Our first stop was a bell buoy about a mile outside the inlet to catch bait. Chew manned the helm while Ross and I jigged sabiki rigs for blue runners from the aft cockpit. Standard digital electronic throttle and shift, and optional SeaStar Solutions power-assist hydraulic steering ($3,395) allowed Chew to easily maneuver the 23 around the buoy, even with wicked seas and a powerful incoming tide.
Each bait went directly into the -standard, 23-gallon transom livewell on the starboard side, which did a great job: We experienced zero bait loss for an entire day of fishing. A similar compartment on the port side of the transom bulkhead serves as an insulated fish box, though some customers opt to have this plumbed by the dealer to serve as a second livewell, according to Ross. Both transom compartments come with latching hatches.
Prepare for Battle
Within 30 minutes we were tanked up with bait and once again tackling a head sea as we searched for signs of life farther offshore. About 10 miles off the coast, we found a healthy weed line, where we stopped to slow-troll the live blue runners.
To rig the wire leaders (in case we found king mackerel or wahoo in the area), Ross folded out the bench seat from the transom interior so he could comfortably sit and use the -tackle-storage drawers and pliers, knife, and hook holders integrated into the optional 2X Deluxe Tackle Center seating module ($6,195). With the tackle center just 32 inches from the transom, it’s easy to reach drawers and compartments from the bench seat, which also serves as a great place to take a load off between fishing spots.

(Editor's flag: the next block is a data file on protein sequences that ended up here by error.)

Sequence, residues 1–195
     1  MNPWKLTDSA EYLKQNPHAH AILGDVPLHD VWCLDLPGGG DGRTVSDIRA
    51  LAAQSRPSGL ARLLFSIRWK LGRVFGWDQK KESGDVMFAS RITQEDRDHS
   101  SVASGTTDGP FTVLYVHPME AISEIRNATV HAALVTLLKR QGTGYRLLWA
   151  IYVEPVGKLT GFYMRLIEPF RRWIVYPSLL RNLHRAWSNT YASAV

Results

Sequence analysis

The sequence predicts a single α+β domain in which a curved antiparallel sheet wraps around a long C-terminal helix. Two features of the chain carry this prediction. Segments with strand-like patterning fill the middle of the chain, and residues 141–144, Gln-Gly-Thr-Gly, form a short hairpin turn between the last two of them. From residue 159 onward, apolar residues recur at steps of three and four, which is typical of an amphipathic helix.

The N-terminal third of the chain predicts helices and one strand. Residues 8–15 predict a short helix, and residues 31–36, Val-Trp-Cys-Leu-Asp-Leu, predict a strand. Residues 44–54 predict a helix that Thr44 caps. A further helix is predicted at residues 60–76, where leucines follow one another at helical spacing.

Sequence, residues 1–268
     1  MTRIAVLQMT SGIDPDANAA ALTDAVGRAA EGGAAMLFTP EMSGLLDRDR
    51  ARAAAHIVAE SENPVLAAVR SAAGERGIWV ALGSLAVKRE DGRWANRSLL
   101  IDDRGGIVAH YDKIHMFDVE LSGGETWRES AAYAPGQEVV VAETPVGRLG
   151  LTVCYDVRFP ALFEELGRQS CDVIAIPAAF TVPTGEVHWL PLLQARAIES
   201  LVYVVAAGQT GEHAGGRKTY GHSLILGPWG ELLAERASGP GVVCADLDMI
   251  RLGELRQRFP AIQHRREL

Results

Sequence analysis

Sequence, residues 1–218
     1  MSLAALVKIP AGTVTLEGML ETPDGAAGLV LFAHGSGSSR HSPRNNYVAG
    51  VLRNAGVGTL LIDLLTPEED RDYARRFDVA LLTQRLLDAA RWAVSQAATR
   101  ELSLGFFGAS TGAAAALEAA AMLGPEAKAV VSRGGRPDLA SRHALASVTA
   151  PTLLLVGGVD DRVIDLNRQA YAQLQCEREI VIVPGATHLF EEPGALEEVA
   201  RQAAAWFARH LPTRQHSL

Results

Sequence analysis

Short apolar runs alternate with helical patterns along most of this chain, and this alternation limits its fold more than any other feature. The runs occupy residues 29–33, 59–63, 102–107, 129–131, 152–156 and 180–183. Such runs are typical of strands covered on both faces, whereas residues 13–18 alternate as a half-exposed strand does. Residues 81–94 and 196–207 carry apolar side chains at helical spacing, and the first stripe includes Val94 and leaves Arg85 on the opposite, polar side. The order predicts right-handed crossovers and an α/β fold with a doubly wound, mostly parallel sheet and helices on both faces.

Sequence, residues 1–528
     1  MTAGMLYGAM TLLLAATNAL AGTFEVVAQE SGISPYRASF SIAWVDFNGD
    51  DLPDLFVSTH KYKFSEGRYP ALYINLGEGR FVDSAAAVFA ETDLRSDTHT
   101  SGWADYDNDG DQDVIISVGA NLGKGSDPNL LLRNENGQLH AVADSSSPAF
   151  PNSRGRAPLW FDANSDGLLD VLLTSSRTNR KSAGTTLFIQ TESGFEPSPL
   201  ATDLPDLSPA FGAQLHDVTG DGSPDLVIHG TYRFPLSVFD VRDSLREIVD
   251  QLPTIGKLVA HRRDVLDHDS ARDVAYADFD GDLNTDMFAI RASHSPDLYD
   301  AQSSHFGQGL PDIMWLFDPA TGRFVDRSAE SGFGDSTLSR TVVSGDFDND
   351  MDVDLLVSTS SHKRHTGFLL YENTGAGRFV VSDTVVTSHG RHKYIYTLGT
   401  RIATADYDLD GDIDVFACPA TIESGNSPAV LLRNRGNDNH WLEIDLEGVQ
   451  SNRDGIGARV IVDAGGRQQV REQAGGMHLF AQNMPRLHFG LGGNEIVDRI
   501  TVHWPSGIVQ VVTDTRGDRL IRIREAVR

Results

The seating module also includes a rack of four angled rod holders, as well as five stainless-steel drink holders. On the forward side of the optional seating module, thickly padded, high-back captain and companion seats feature individual flip-up bolsters with a fold-out footrest below and an aluminum grab rail surrounding the seats. I liked using the angled footrest on the console to brace myself in the rough seas. Underneath is a convenient dry-storage compartment. Forward of the console is thickly padded seating for two, and underneath is a 55-quart -insulated cooler for beverages and other provisions.
Working the Weeds
With the transom bench seat quickly restowed to make room for fishing, we dropped back three live baits — two short lines from the gunwale rod holders (there are two on each side) and one long line on high from a rod holder in the optional rocket launcher ($1,495) at the aft edge of the optional fiberglass T-top ($11,995).